Cadence when running may be less important for performance than previously thought
A new small-scale United States study has found that cadence, or the amount of steps you take while running, may not have such a big effect on speed and efficiency as previously thought.
Carried out by researchers at the University of Michigan, the new study looked at 20 elite male and female runners and recorded their cadence using wrist-based accelerometers during the 100-kilometer International Association of Ultrarunners World Championship in 2016.
The team wanted to investigate whether “optimal” cadence could actually reduce injury or improve speed.
Since the 1980s, this optimal amount has been set at 180 steps per minute for elite runners, when running coach Jack Daniels noted that this was the average step rate for runners in the 1984 Olympics.
However, in the new study the researchers found that although the average number of steps for the 20 runners was 182 per minute, the number of steps per minute per mile varied enormously by individual.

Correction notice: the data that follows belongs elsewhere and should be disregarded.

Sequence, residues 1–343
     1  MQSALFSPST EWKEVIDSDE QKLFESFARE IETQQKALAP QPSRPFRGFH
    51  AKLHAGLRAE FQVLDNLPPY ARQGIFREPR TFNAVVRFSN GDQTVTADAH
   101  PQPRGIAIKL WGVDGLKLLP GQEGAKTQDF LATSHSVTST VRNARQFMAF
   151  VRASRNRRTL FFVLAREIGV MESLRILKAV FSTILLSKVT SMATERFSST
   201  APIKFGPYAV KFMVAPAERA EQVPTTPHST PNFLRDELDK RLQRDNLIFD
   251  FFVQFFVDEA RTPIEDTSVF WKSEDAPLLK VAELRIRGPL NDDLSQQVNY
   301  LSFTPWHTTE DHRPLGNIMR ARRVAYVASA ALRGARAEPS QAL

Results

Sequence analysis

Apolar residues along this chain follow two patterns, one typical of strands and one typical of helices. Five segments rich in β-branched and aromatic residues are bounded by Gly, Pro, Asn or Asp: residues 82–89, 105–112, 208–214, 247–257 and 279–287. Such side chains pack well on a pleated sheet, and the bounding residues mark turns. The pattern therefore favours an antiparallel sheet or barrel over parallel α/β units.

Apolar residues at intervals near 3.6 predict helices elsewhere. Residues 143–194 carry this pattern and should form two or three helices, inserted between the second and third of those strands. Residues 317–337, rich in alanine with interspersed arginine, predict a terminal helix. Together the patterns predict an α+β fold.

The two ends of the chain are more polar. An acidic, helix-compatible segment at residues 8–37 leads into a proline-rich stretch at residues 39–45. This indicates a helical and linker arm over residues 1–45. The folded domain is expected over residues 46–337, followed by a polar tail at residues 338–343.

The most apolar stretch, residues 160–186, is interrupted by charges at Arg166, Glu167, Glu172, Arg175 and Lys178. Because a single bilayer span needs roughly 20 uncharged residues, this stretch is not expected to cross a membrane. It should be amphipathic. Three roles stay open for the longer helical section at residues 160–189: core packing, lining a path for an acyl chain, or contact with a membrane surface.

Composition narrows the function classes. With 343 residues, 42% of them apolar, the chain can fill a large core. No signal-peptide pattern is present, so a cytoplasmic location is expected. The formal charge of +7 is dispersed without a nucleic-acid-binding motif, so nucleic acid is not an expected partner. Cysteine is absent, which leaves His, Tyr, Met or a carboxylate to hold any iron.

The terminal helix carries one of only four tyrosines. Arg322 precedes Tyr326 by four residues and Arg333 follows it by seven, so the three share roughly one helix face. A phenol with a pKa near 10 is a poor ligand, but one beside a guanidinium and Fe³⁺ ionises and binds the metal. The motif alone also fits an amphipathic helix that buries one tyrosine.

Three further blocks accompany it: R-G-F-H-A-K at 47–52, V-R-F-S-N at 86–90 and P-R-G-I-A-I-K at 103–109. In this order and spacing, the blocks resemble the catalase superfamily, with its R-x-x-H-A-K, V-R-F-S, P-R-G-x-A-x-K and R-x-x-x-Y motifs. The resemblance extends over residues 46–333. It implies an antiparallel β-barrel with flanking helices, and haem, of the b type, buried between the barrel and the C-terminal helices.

“Some ran at 160 steps per minute and others ran at 210 steps per minute, and it wasn’t related at all to how good they were or how fast they were,” said researcher Geoff Burns, who himself is an elite marathoner. “Height influenced it a little bit, but even people who were the same height had an enormous amount of variability.”
Burns also found that at the end of an ultra-marathon, rather than take shorter, “choppier” steps during what he describes as the “ultra shuffle,” the runners’ cadence still stayed constant, even if they were barely lifting their feet as they crossed the finish line.
The researchers commented that the findings, published in the journal Applied Physiology, suggest that runners should not alter their cadence to reach the 180 steps.
Instead, they should monitor their own individual cadence as their running progresses, with the results also showing that cadence naturally increased by four to five steps per minute per mile as runners ran faster, in contrast to the long-held belief of many coaches and practitioners, which is that cadence should remain constant as speed increases.
“It’s a barometer and not a governor,” Burns said. “There’s no magical number that’s dogmatically right for everybody.” CE/JB
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